Chris and I woke up early this morning as we had to be downstairs for breakfast at 7:30am. It is a danger of staying in Japanese Inns as the Japanese people do seem to like an early start! I had not slept very well as I could hear some drunk people making a racket until 2am in the morning, not something common in Japan. A hot coffee and some delicious breakfast soon woke us up. Jerome could not wake up that morning so we left him to sleep for a little while longer.
The Longest Cycle Ride
Once Jerome was up and ready we cycled into our what would be the longest cycle ride for Jerome in a day. We had decided to get as far along the Shimanami Kaido as we could.
Setoda Sunset Beach
We started back past Setoda sunset beach, which seemed still empty at this time of day, towards our first bridge on The Shimanami Kaido for the day.
En Route for the Shimanami Kaido
We had already passed a few cyclist doing he same route, some of them appear to have been on their bikes for longer than us. We pedalled up the winding path, broke out into a sweat and kept on looking for the next vending machine.
Cycling Across Two Islands
The next two islands on route, Omishima and Hakata-jima, we barely cycled on, the main route cuts the corners off although you can go right round any of the islands if you want to extend the rides.
The three bridges and short hops quickly got us to the longest part of the Shimanami Kaido, Oshima.
Hilly Oshima Island
Oshima has the most climbs and elevations on the entire route and therefore we decided to cycle along the coast road, which we thought would have less cars and also perhaps be less hilly. We soon found out how wrong we were, it was a pretty and interesting ride around the coast but there were two hills, the first was easy, however, the second was steep and too long to manage in the heat. Jerome was getting exasperated by the stifling heat, and combined with pushing his bike up the “mountain” he was getting tired and angry. We stopped a lot, worried that the sun and physical work out might be too much for him. Thankfully there were plenty of vending machines on route, even in the oddest places; we must have spent a fortune on drinks that day.
The great thing about a hill is that once you climbed up, there’s always a way down. It was a long bendy road, which we cycled down in the warm wind barely cooling us down. Jerome loved the decent and the bad mood lifted.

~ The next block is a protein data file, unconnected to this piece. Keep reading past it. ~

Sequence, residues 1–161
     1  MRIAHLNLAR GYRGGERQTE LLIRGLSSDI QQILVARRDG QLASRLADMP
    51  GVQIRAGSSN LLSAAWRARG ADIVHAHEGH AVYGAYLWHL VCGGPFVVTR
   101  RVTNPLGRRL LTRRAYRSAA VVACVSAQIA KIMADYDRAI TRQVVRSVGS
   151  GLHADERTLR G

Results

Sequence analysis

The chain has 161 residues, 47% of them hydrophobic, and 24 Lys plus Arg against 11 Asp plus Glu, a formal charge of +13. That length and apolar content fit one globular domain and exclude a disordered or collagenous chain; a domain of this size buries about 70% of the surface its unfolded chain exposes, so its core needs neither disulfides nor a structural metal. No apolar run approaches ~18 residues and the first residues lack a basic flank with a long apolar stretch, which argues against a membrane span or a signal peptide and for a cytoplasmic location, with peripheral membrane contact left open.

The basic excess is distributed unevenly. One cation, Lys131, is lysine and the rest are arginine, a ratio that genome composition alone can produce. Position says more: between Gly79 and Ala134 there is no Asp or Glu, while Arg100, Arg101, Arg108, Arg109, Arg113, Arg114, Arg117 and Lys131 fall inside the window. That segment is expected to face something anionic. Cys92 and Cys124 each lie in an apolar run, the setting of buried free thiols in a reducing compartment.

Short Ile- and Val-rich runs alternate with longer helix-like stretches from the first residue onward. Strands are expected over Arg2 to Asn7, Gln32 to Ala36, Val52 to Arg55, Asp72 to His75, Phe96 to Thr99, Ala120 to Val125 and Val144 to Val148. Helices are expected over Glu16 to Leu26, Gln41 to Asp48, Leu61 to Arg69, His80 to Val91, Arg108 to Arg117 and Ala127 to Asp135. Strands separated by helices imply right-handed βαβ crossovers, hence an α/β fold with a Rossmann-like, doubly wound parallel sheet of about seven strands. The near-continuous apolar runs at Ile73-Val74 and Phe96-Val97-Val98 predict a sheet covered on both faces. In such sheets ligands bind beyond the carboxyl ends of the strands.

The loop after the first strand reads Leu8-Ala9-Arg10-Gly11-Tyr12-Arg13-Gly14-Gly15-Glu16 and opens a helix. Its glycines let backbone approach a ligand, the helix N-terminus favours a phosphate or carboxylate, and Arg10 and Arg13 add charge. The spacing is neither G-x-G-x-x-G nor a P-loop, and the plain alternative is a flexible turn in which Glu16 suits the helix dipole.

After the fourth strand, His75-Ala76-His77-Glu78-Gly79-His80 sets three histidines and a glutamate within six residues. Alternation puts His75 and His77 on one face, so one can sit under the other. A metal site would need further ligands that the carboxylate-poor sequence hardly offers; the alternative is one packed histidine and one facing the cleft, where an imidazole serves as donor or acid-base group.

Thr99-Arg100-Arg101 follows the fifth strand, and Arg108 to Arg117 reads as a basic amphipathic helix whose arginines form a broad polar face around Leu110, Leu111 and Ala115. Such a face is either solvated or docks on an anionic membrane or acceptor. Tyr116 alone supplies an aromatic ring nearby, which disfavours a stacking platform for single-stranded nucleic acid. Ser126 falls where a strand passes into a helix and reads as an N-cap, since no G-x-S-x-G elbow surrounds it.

We had Okonomiyaki, Hiroshima style for lunch at a little restaurant 一休 in Yoshiumicho. The mama-san prepared the tamago pancakes on her tappan and we then ate them directly off the hot plate in front of us. It was worth making the detour.
Cycling Through the Countryside
We pedalled past quiet villages, through stunning countryside, a dockyard where 2 massive container ships were being built. In the end we turned a corner and finally got an amazing view of the last bridge on The Shimanami Kaido, the Kurushima-Kaikyo-hashi bridge.
The Longest Suspension Bridge
At 4015m Kurushima-Kaikyo-hashi is the longest suspension bridge structure in the world. Constructed with six soaring towers and suspending the bridges on their thick steel cables it made it exhilarating to cycle across and definitely the absolute highlight of The Shimanami Kaido.
Cycling Across the Bridge
There was a gentle breeze and we stopped several times to take in the views of the Seto Islands and the sparkling sea beneath us. Jerome and Chris wondered at the engineering on the magnificent structure, even the route up took us round and round a twisting path that gave fantastic views.
Problems with our Return Journey
At the other end we went to the Sunrise Itoyma Center to find out about buses back to Setoda. The friendly gentleman at reception told us that it was possible to take the bus but only if we had Rinku bags for the bikes, he even could have found us last minute places, even though you should really book the bus the day before you cycle. Unfortunately we did not think to bring them and therefore had to look at other options. If you do plan to cycle and get the bus back make sure you check this in advance.
After some help from the man at the cycle centre it became clear out best option was to take the ferry back to Innoshima-jima, leaving from Imabari port seemed the easiest option.
Ferry Ride back to Innoshima
The downside? Well, this meant an extra un-planned few hours of extra riding would be needed on already tired legs. We would have to cycle into Imabari port for the ferry, and would then have to continue back from Habu on Innoshima-jima, via the Innoshima-hashi bridge all the way back into Setoda and on to our minshuku.
In total this added another 15km to our already long cycle ride, the only good part was a lazy ride on the ferry for about an hour and a chance to pick up some refreshments as the sun went down in Habu.
Return to Setoda
After eating we had to complete the last part in the dark we had not brought our bike lights with us either, so I propped up the iphone in my basket and used its torch as a light to guide us through the darkness on the winding trail up to our last bridge of the day. Thankfully the cycle route back to our ryokan was almost all on a dedicated cycle path the whole way and after the food Jerome treated it like an adventure. So in the end we got to cycle all bridges, including Innoshima-hashi bridge, completed a ride as long as the whole Shimanami- Kaido route in one day, and it truly made a lasting impression on us, one we will never forget. In every holiday there is always one special day – perhaps this was the one for us on this visit.
Where to Stay on Your Tour of the Shimanami Kaido:
Onomichi: The uber cool U2 Hotel Cycle, even Paul Smith stayed there…
Innoshima: Hotel Innoshima somewhat dated but a truly authentic experience and very helpful staff offering amazing views
Ikujijima: Tsutsui, a lovely, modern ryokan in the heart of Setoda
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